6 things you must do before stepping into the studio

Posted on 4th March 2020

After spending weeks and months writing your band’s new record, make sure you then spend those extra couple days completing the small tasks that will save you time in the studio.

1. Prepare your click tracks

This might seem like an obvious task to have completed before entering the studio, but it’s the smallest details that can make or break your new hit record. Due to adrenaline, when you’re rehearsing or performing your tune, you are always going to play it that touch faster. So when going into the studio, make sure you have rehearsed the tracks to click and have decided the tempo of  your songs. The tempo of the track can dictate the feel of the song, so start there when preparing for the studio.

2. Pre-record your ghost tracks

To save your band time and money, pre-recording your ghost tracks are essential. Emailing over an MP3 only takes a minute, whereas recording your ghost tracks when you turn up to the studio can take up to a couple of hours. The time spent recording ghost tracks in the studio is essentially wasting your band's money. Make sure your ghost tracks have all the details necessary. For your drummer to get a good vibe, and start the recording process, make sure they have everything they want in their ears.

3. Record demos

Recording demos is a very efficient way to gauge how your song is feeling and sounding. To hear your music back without playing it, gives you the opportunity to focus your ears on the track. It also allows you to look at the song as a songwriter and not as a musician. This allows you to chop and change the song accordingly.

This can be adding one bar to a verse, doubling up a chorus, taking away instrumentation and allowing more room for vocals. Recording demos is also important for your producer. Sending the demos in advance allows them to understand your music. This allows them to analyse the provided reference tracks and start preparing for the session.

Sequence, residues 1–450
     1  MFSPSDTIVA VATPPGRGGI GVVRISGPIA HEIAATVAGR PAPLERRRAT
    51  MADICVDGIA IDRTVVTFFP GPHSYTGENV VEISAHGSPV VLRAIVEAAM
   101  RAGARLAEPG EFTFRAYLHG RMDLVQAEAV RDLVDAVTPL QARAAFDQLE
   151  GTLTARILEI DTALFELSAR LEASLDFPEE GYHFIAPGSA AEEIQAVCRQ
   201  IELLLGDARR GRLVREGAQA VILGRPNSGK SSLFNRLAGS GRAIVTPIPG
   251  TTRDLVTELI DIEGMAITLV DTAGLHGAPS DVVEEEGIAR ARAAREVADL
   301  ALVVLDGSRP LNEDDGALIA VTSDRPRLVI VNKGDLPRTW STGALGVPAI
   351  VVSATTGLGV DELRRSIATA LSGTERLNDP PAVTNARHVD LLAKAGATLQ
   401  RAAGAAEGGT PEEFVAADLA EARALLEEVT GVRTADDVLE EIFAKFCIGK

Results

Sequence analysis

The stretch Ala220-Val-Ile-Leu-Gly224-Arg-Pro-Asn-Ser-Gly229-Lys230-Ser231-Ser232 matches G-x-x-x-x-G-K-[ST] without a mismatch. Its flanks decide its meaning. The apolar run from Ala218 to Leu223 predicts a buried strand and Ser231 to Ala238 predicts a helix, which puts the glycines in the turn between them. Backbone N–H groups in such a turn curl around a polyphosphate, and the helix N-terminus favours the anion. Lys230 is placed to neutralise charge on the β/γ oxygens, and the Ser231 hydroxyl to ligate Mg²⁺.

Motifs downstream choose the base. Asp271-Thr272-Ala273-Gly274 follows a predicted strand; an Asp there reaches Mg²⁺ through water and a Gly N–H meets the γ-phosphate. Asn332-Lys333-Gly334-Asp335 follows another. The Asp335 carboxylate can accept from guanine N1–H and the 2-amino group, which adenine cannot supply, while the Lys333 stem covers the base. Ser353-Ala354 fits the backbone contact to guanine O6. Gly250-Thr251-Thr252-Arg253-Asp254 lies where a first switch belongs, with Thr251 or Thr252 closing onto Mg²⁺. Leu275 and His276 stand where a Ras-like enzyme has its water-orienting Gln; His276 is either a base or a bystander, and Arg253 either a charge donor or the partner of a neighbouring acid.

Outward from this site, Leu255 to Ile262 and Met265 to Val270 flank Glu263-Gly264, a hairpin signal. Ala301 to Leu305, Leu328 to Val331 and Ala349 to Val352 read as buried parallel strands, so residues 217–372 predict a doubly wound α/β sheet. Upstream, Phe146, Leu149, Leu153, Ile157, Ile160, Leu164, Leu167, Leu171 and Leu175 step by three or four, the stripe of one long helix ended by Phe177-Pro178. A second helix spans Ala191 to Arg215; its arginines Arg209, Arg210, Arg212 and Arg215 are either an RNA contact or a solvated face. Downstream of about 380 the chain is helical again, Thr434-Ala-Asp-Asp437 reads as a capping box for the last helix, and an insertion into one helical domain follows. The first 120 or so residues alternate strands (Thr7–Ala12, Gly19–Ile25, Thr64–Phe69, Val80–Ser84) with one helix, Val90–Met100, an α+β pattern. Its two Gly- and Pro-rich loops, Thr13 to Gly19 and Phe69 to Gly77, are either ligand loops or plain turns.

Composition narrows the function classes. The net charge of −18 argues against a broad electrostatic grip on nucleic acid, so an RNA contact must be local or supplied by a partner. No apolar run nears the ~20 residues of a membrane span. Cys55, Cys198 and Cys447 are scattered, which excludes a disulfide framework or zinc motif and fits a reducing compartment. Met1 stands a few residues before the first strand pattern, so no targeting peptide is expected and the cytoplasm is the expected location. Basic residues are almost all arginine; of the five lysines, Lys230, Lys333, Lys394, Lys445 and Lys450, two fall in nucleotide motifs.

4. Choose the right producer

Going into the studio with a producer that has the same vision as you is integral to the creative process. Having a producer who shows a keen interest in your music and all the nuances is a good thing. Your initial reaction when someone wants to change (improve) your music is to defend it, which you should! You should have a passion and belief in what you are creating, but taking suggestions from others is also very important. Choosing the right producer can definitely change the entire feel of your record. If you are a pop band, you need to work with someone that has a good knowledge of pop production and pop songs. If you are a metal band, you need to work with someone that understands the metal scene and metal production.

5. Freshen up

Before going into the studio, make sure you have restrung your guitars, put fresh skins on your drum kit and have more than enough sticks and picks. If you have dead heads, your drum kit is going to sound flat and if you have old dirty strings, your record is going to sound dull. Having fresh heads, new strings and polished cymbals gives the producer more to work with.

Make sure you have done this before turning up to the studio so the producer can get straight onto micing up the kit. Once you’ve freshened up your sound, it’s key that you tune your heads and you have flexed your strings. Your guitar is about to be played heavier than usual and for a long period of time, so they need to be played in.

6. You don’t have to go in perfect

We’ve discussed how prepared you need to be to record, but one thing that is equally important is having room to breathe and embellish parts on the day. You don’t need to have every single drum fill decided in advance, the same way you don’t need to have every note of your solo finalised. Part of being in the studio is trying out different ideas. Maybe the new drum fill needs to follow a certain bass line or there are some underline melody accents that need stabs. Having this freedom is as equally important as being fully prepared. That being said, you must still know the large majority of your parts going in.

Here is a great example of a prepared studio musician.

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by Thomas Shrimpton
View all posts by Thomas Shrimpton

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